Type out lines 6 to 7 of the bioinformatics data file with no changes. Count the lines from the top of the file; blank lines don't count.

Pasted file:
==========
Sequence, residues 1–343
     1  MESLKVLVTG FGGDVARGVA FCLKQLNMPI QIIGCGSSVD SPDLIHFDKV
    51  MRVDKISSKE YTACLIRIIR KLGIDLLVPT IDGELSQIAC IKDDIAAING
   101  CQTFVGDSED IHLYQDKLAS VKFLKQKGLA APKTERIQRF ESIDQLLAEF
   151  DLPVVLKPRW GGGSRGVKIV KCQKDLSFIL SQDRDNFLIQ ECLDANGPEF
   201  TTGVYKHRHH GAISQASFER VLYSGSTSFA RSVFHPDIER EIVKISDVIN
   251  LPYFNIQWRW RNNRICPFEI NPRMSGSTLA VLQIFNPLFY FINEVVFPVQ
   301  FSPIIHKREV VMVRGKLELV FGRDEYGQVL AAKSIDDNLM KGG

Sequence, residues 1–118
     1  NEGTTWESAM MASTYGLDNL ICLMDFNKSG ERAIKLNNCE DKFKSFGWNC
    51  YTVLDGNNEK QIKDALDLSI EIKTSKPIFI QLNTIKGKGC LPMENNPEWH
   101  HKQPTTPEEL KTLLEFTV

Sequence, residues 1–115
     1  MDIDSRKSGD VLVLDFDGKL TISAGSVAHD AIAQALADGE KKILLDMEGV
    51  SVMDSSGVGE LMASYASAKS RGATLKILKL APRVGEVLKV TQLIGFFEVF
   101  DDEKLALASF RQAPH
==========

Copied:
   201  TTGVYKHRHH GAISQASFER VLYSGSTSFA RSVFHPDIER EIVKISDVIN
   251  LPYFNIQWRW RNNRICPFEI NPRMSGSTLA VLQIFNPLFY FINEVVFPVQ